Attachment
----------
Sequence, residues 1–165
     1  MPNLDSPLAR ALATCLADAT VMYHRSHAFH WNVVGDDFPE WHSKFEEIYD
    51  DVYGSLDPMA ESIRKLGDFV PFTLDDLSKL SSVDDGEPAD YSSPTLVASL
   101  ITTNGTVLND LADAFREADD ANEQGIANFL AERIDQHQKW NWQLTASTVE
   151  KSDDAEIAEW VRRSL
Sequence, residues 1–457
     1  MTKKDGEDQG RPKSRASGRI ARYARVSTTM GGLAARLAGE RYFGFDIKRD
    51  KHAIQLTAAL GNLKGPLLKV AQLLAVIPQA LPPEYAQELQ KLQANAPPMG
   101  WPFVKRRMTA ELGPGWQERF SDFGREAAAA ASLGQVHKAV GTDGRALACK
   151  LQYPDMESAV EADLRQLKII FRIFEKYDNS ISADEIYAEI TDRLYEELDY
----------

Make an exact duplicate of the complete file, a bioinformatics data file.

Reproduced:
Sequence, residues 1–165
     1  MPNLDSPLAR ALATCLADAT VMYHRSHAFH WNVVGDDFPE WHSKFEEIYD
    51  DVYGSLDPMA ESIRKLGDFV PFTLDDLSKL SSVDDGEPAD YSSPTLVASL
   101  ITTNGTVLND LADAFREADD ANEQGIANFL AERIDQHQKW NWQLTASTVE
   151  KSDDAEIAEW VRRSL
Sequence, residues 1–457
     1  MTKKDGEDQG RPKSRASGRI ARYARVSTTM GGLAARLAGE RYFGFDIKRD
    51  KHAIQLTAAL GNLKGPLLKV AQLLAVIPQA LPPEYAQELQ KLQANAPPMG
   101  WPFVKRRMTA ELGPGWQERF SDFGREAAAA ASLGQVHKAV GTDGRALACK
   151  LQYPDMESAV EADLRQLKII FRIFEKYDNS ISADEIYAEI TDRLYEELDY